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Rwanda: No Lessons Learnt

15 April 2006 at 00:08 | 293 views

Last week the world remembered the 12th anniversary of the Rwandan genocide. Gerald Caplan argues that understanding about the real causes of the genocide remains limited, while the world’s superpowers continue to act in their own self-interest when it comes to other genocides.

By Gerald Caplan

Twelve years after perhaps a million defenseless Rwandans were slaughtered for the sin of being Tutsi, Rwanda’s genocide has at last become widely known. As people around the world commemorate this week the 12th anniversary of the genocide, the phrase "Another Rwanda" joins the wildly ignored "Never Again!" to reflect the world’s apparent abhorrence of genocide-the ultimate crime of crimes. Anyone who thinks this augurs well for the future of humankind is dead wrong.

There are three critical realities that both these neat little phrases obscure: Few really understand what actually happened in Rwanda in 1994. A pernicious campaign to deny that genocide continues to unfold. And it IS happening again before our eyes.

Thanks to a modest production of movies, documentaries and books since the 10th anniversary, the genocide is far better known now than it was even while it was at its bloodiest. Far and away the most important vehicle has been the mainstream film "Hotel Rwanda", seen by millions and widely available on CD. The problem is what these large audiences learned from "Hotel Rwanda." Yes, it made clear that the minority Tutsi people were attacked viciously by the majority Hutu and that the world at large failed to intervene.

Yet the lasting impression surely is that some Hutu Africans were sadistically massacring some Tutsi Africans for no good reason. No one viewing the film alone would have grasped that this was no mere barbaric tribal eruption based on primitive ancient hatreds. This was a carefully planned and executed conspiracy by a group of sophisticated, westernized, greedy men and women for the purpose of ensuring their continued power and privileges. That’s not a savage African phenomenon - that’s a universal human phenomenon.

Nor is the critical, destructive role of outside forces evident in "Hotel Rwanda". No viewer would learn that the hatred between the two groups had largely been invented and inculcated over a century ago by the powerful Roman Catholic Church in Rwanda. They’d know nothing of the responsibility of the Belgian government for the deep, ultimately deadly, division between Hutu and Tutsi. They’d be blissfully unaware that the government of France was complicit in the genocide and has never to this day accepted any responsibility. Indeed, without a century of western interference, there’d have been no genocide as we know it. And had western governments cared one iota, they could easily have prevented the entire genocidal conspiracy from being executed. The world knows everything about Rwanda except what really matters.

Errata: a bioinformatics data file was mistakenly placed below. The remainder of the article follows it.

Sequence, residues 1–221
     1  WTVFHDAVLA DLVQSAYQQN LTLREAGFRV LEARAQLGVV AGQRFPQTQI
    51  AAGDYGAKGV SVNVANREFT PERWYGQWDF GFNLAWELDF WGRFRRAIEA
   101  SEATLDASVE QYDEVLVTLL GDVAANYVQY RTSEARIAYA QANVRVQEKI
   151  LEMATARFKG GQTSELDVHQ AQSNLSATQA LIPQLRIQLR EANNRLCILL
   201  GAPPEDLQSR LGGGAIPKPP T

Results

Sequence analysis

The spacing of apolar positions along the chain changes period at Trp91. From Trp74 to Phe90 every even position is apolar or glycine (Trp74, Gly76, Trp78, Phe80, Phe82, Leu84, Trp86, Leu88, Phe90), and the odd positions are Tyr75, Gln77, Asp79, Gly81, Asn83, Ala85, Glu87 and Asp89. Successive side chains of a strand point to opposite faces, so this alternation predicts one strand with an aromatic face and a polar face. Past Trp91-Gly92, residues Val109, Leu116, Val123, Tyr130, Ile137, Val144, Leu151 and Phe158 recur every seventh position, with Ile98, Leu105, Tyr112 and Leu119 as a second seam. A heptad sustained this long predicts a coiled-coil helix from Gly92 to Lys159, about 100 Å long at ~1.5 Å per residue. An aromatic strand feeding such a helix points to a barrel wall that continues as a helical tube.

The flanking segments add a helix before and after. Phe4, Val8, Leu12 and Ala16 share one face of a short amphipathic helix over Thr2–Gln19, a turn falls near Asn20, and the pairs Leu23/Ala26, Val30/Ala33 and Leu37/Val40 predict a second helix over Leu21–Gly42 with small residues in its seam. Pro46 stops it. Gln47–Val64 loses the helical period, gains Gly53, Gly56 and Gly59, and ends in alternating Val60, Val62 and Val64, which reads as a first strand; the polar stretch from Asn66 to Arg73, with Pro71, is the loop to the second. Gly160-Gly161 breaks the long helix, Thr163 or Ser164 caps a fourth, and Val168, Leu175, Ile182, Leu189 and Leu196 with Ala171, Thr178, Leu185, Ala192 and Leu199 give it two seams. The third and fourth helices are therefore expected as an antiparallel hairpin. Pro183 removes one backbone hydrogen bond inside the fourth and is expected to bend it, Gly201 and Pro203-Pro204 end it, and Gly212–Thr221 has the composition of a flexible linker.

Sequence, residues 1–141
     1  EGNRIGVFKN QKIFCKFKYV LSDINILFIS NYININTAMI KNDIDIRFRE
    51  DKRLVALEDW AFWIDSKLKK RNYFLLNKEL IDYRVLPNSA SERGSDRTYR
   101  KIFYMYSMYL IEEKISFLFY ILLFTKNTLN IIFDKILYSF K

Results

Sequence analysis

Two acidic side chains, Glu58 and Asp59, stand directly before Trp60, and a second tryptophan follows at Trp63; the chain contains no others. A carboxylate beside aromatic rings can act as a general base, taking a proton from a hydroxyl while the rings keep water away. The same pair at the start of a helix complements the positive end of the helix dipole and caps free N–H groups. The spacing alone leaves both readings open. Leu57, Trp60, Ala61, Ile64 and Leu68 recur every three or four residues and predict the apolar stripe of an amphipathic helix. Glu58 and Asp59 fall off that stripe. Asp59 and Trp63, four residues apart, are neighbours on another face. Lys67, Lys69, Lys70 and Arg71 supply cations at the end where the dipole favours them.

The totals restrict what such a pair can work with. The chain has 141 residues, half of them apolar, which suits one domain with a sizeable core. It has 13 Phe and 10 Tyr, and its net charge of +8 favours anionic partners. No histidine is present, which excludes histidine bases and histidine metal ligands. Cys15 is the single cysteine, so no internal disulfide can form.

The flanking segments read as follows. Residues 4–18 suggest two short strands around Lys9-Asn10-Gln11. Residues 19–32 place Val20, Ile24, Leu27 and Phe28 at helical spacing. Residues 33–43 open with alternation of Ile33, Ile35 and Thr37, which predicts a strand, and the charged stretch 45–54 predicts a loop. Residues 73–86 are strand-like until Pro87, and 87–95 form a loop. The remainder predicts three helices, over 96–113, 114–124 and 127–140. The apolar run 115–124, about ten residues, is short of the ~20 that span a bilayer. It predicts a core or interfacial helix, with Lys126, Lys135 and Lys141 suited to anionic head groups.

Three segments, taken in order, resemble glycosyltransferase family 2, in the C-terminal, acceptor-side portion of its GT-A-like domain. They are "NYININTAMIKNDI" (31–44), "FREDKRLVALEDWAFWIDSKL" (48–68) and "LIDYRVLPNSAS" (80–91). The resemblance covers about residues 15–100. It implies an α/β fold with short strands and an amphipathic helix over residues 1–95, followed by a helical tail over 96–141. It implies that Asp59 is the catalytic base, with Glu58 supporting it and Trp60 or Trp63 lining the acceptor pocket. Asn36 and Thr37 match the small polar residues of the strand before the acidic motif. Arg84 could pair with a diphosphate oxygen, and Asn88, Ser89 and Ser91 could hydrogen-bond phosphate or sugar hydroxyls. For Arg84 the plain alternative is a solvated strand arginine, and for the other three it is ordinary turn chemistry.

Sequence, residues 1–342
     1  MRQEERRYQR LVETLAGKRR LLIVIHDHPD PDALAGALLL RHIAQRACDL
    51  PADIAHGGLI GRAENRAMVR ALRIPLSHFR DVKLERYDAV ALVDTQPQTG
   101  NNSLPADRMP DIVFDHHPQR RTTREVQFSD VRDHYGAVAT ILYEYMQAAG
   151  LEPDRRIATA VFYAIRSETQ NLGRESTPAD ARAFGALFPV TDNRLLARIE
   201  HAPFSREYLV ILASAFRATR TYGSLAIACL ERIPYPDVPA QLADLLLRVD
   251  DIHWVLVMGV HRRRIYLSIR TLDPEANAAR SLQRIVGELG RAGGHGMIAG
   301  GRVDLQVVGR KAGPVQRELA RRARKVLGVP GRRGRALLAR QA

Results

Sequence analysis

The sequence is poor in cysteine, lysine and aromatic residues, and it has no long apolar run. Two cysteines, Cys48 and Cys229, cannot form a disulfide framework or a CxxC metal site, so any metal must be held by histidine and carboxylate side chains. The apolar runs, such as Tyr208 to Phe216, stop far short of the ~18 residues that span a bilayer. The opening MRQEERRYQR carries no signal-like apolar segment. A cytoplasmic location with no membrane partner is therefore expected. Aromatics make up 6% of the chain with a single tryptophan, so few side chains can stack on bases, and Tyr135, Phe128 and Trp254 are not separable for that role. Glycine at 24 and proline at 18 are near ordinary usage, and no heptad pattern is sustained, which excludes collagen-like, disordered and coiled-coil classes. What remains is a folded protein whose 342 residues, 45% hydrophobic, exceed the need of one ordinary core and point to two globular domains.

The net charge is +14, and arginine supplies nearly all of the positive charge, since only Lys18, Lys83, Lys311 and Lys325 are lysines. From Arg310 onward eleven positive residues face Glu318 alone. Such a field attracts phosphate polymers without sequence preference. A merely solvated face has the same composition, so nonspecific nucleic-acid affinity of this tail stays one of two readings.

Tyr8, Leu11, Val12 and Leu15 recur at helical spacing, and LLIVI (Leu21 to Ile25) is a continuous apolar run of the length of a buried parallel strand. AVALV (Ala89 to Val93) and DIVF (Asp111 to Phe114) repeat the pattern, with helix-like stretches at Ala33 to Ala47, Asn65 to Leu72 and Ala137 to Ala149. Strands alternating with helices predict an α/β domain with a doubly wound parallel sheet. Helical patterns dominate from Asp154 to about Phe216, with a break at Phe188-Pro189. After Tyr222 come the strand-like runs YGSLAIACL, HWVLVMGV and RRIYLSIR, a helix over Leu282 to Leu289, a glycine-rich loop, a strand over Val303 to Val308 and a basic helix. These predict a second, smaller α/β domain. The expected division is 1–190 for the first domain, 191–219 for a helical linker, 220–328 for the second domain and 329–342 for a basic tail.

What’s even worse are the insidious forces at work that brazenly deny that there ever was a genocide launched by Hutu extremists against the Tutsi. Another unwelcome lesson in human nature: There are always deniers. There are always David Irvings and Ernst Zundels, who for their own sordid or pathological motives deny what can’t be doubted. In Rwanda’s case, it’s an unholy coalition of Hutu genocidaires who want to complete the extermination of the Tutsi, whites in Belgian and France who had privileged access to the pre-genocide Hutu government, conservative Christian politicians in Europe, and a motley cast of characters around the world (including Canadians) with diverse, perverse, sometimes inexplicable motives.

For the survivors of 1994, and for the families of the victims, denial creates a second unbearable hurt, making an already difficult healing process far more painful and prolonged. And it’s all based on lies and distortions. The evidence is overwhelming and irrefutable: To deny the genocide of the Tutsi in Rwanda is the equivalent of denying the Holocaust, and all who do so should be treated accordingly.

Finally, despite Rwanda, there remains Darfur. To commemorate the 10th anniversary of the Rwanda genocide, UN Secretary-General Kofi Annan called on the world to assure that Darfur, the besieged western area of Sudan, doesn’t become "another Rwanda". Unlike Rwanda, all the world knows what’s happening in Darfur, so the excuse of ignorance, as in Rwanda, doesn’t hold. Unlike Rwanda, Darfur has been formally labeled a genocide by the Bush administration and both Houses of the American Congress.

Yet three years since the Darfur crisis erupted, the world’s reaction has been pitiful. The all-powerful permanent members of the Security Council - China, Russia, the US, France - have perfectly good reasons of crass self-interest to allow hundreds of thousands of Darfurians to die, countless women raped, millions forced to flee to squalid camps. Three years after it exploded, the situation in Darfur continues to deteriorate drastically. "Another Rwanda", indeed.

What are the real lessons of Rwanda and Darfur? They are surely inescapable. Those of us who demand interventions on humanitarian grounds - in Rwanda, Darfur, northern Uganda - will continue to be ignored. When western powers do intervene, we can be sure that dubious geopolitical and hegemonic interests are the driving force. We’ll have many more Rwandas; we can count on it.

* Gerald Caplan has written frequently about the Rwandan genocide and genocide prevention.

Source: Pambazuka News

Photo: President Paul Kagame of Rwanda

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